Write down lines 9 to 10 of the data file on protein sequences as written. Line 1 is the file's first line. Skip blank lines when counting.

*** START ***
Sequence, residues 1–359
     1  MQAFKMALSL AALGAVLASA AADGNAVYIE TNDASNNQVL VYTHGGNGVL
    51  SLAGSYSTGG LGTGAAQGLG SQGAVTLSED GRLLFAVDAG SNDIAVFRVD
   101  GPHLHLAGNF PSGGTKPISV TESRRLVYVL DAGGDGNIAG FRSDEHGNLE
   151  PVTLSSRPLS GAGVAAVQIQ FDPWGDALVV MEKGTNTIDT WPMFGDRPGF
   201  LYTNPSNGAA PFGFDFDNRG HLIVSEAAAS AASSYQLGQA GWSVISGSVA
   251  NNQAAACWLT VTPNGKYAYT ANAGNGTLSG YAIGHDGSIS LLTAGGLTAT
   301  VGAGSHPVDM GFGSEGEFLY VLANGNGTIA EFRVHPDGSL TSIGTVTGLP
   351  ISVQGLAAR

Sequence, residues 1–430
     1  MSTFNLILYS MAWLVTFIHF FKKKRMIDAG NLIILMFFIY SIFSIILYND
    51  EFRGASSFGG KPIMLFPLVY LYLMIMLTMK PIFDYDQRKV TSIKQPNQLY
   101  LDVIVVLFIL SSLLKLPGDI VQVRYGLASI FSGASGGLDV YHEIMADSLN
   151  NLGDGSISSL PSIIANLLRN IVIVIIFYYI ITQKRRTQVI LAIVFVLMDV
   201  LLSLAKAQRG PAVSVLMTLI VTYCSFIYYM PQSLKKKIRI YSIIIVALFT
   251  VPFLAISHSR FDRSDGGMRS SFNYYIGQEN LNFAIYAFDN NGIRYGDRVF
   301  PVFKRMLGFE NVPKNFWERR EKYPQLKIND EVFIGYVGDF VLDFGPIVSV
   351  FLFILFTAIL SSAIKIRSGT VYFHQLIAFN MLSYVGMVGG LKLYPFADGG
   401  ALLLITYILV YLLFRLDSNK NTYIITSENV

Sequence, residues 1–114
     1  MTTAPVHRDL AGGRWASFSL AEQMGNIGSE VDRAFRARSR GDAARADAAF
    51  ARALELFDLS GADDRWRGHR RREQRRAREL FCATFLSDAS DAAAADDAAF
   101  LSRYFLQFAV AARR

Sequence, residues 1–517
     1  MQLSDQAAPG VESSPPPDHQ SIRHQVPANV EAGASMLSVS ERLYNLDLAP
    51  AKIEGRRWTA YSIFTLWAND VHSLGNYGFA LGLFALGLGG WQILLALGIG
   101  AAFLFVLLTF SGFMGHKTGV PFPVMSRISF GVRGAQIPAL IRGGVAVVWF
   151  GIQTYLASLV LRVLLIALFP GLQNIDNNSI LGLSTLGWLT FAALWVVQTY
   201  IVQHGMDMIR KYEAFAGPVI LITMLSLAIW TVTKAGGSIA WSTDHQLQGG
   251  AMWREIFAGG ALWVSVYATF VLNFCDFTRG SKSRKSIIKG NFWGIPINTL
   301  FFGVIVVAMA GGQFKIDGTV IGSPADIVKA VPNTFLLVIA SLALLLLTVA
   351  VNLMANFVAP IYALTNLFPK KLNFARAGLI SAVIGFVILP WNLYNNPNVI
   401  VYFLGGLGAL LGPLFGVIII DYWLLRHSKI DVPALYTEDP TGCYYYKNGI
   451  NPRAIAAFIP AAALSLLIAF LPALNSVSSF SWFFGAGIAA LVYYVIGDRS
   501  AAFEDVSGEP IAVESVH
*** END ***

   351  ISVQGLAAR

Sequence, residues 1–430